Scientists release sterile mosquitoes in Burkina to fight malaria

Scientists in Burkina Faso have deployed a new weapon in the fight against malaria, and waded into a thorny bioethics debate, by letting loose thousands of genetically sterilised mosquitoes.

Their experiment is the first outside the lab to release genetically altered mosquitoes in the hope of reducing their ability to spread the often deadly disease.

It works using a technique called a gene drive, which edits and then propagates a gene in a population – in this case to prevent males from producing offspring.

Investments in anti-malarial drugs, mosquito nets and insecticides have slowed malaria over the past two decades in Africa, which accounts for more than 90 per cent of global cases.

But malaria still killed more than 400,000 people across the continent in 2017, and the World Health Organization says progress against the disease is stalling, leading researchers to push for fresh approaches.

“The conventional tools that we have at our disposal today have reached their limit,” said Dr Abdoulaye Diabate, who is running the experiment for Target Malaria, a research consortium backed by the Bill & Melinda Gates Foundation.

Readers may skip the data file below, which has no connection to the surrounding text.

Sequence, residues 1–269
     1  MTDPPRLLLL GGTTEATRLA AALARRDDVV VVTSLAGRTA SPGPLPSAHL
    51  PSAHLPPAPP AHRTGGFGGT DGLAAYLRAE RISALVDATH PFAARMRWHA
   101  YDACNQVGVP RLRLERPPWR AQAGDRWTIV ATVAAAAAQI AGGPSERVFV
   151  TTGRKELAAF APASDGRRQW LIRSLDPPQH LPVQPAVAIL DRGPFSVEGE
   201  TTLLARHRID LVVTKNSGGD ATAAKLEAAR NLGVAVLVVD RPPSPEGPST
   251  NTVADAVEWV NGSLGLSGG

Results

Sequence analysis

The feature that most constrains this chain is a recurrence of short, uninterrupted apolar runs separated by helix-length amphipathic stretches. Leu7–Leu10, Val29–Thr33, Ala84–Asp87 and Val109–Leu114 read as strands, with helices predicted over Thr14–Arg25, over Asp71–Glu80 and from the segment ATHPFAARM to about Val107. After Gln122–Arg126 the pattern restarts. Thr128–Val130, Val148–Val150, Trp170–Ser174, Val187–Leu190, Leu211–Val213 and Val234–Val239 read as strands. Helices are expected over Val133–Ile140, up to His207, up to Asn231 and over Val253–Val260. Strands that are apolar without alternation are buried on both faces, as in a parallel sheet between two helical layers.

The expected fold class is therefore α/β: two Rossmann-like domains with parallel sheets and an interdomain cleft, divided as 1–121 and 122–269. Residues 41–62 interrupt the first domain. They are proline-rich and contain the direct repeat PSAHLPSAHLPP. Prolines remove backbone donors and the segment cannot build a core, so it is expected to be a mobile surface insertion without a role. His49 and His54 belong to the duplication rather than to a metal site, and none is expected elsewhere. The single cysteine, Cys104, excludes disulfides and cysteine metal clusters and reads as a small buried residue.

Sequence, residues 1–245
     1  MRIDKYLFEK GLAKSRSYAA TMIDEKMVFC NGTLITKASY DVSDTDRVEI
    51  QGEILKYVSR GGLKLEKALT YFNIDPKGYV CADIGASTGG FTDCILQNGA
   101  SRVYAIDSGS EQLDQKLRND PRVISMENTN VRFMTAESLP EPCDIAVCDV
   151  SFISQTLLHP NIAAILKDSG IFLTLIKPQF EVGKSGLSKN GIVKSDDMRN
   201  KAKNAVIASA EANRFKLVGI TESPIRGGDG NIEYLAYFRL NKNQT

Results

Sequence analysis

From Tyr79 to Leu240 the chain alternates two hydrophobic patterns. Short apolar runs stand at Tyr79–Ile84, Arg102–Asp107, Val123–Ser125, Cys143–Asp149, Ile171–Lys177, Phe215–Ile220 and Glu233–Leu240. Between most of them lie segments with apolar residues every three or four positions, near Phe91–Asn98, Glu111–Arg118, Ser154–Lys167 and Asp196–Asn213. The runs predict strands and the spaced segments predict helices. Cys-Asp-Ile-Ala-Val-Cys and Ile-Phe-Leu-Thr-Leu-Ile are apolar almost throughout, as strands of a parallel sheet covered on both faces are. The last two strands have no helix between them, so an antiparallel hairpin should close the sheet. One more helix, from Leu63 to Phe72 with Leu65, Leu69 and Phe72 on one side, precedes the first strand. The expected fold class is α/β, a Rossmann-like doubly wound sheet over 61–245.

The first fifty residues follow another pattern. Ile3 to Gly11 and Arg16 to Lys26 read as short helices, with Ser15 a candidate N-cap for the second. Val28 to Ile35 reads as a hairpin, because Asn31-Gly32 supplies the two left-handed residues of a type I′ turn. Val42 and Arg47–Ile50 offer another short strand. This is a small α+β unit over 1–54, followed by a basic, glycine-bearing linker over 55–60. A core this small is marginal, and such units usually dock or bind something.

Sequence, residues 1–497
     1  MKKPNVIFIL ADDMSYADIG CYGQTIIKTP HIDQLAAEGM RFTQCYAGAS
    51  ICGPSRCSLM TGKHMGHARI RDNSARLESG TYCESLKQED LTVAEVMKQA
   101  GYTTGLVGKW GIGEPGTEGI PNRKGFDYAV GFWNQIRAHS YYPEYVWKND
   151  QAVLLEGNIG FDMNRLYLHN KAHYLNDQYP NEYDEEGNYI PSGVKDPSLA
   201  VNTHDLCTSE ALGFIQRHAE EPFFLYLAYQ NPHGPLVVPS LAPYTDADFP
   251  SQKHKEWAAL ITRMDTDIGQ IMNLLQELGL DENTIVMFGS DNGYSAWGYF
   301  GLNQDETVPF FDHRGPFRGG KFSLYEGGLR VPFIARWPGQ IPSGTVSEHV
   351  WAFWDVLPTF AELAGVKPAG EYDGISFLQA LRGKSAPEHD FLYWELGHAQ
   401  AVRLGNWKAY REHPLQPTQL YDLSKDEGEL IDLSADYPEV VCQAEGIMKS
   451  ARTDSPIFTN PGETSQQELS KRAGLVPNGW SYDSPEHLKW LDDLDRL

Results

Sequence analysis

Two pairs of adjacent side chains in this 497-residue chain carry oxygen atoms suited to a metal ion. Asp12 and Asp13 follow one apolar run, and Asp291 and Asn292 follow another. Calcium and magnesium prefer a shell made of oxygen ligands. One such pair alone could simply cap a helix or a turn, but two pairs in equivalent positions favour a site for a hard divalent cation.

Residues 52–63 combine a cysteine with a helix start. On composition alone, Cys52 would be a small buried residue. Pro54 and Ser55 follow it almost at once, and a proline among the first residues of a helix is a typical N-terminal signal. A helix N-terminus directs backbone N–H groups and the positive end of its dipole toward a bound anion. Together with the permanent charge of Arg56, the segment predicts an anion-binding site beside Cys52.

One hot evening in July, Diabate’s researchers peeled off mesh nettings from wire-rimmed containers to release about 5,000 male mosquitoes into Souroukoudinga, a village in western Burkina Faso.

The mosquitoes had been injected as embryos with an enzyme that sterilises them.

“Our objective is not to eradicate mosquitoes,” said Diabate, noting the enzyme targets only the three main species – out of more than 3,500 worldwide – that carry malaria. “The objective is… to reduce the density of these mosquitoes.”

Target Malaria is also developing an enzyme preventing male mosquitoes from passing on X chromosomes. This results in male offspring, reducing malaria since only female mosquitoes bite – males mostly feed off plant honeydew.

Diabate said he hoped the new approaches would win approval from national regulators in the coming years for widespread use.

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Written by Adebola

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